So if, for instance, those 12 people were all net winners wishing to avoid a clawback action, hundreds of thousands of investors who lost would be the enemy, and by the tenets of the legal profession, said lawyers would be opposed to their interests in any conflict. There were early reports of over a million investors in Zeek Rewards. At a later news conference, the receiver said that number may well be over 2 million.
Mathematically speaking a Ponzi scheme results in at least 88% of participants who are net losers, a percentage that rises the longer a scheme continues, so of the 2 million, 1,760,000 people are likely net losers here. But these lawyers are only looking out for the 12, who I’ll bet are all net winners.
I’ll go out on a limb and say that all of them are big-time winners; at least one had a video posted showing off a new luxury home he implied was paid for with Zeek Reward profits. And they want the losers to pay for their lawyers, because after all, Zeek was still paying. There was over $225 million left in the till and if the evil government had just minded their business they could have gotten a pretty good chunk of that, too.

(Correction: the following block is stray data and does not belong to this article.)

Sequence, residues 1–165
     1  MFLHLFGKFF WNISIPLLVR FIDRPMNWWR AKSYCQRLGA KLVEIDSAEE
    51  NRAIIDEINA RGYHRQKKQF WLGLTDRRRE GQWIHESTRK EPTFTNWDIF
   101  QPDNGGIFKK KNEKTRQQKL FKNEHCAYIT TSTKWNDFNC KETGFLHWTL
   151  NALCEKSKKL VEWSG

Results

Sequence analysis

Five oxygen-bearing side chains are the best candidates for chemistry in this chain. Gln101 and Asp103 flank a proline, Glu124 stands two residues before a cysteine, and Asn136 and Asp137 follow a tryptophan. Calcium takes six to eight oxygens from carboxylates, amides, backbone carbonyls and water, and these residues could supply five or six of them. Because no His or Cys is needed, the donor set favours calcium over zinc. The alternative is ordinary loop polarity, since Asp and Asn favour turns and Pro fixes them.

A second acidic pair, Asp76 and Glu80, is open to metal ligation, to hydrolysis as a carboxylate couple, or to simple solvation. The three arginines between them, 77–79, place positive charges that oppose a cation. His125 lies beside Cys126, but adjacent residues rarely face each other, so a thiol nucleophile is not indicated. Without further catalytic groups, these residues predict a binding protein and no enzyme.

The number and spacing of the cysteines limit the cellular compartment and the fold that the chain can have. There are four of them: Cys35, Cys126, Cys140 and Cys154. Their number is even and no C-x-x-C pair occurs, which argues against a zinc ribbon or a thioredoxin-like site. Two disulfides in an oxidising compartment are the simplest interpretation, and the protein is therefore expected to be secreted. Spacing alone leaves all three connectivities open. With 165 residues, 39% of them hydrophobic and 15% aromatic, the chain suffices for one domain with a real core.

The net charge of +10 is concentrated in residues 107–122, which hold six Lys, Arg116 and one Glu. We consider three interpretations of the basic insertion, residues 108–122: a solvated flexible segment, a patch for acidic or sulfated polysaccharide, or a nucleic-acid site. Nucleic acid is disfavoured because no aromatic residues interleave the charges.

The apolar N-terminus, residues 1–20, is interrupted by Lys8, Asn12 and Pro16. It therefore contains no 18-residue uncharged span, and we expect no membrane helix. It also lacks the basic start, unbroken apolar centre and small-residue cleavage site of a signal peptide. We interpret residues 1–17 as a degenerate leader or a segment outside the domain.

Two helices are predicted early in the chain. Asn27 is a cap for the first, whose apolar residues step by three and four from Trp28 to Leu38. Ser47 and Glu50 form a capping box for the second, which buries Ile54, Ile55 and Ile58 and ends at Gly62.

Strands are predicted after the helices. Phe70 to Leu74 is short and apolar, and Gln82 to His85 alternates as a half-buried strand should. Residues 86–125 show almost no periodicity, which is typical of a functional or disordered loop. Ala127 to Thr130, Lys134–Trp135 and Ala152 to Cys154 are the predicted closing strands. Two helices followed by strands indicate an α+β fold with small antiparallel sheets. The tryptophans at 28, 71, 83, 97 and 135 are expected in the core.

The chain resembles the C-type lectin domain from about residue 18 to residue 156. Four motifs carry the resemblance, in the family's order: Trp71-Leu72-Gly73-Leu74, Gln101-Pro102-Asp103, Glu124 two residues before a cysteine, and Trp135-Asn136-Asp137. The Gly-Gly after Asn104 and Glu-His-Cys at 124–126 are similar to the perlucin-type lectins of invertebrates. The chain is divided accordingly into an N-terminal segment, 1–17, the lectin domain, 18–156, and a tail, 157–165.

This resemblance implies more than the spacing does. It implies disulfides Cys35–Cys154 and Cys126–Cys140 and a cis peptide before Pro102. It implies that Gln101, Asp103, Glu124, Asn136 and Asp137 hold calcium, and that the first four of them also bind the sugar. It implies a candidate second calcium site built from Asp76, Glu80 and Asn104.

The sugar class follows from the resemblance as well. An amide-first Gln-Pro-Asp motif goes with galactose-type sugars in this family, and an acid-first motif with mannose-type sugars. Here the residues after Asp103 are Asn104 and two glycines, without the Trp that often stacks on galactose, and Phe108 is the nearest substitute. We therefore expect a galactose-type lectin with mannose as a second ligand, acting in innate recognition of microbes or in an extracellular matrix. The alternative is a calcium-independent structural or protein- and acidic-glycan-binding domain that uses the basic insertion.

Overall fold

So, am I wrong? I’m talking now to the 12 people who are allowed to call the lawyer, and to the lawyer, too for that matter. I think this is rotten to the core, but prove me wrong. Make public the retainer agreement between whoever the clients are and SNR Denton.
If you’re good enough and shameless enough to get your victims to pay for your lawyers, good on you, but I think you owe it to the people you’re asking to pay for it to show them just exactly what they’re paying for, and whose interest is being represented here.
Oh, and since you’re telling people to pay you, and not the lawyers, and since that means they can’t deduct it on their taxes, I ‘d like to offer my own opinion that any money you get is regular income as far as the IRS is concerned, and you’d better report every penny of it as such.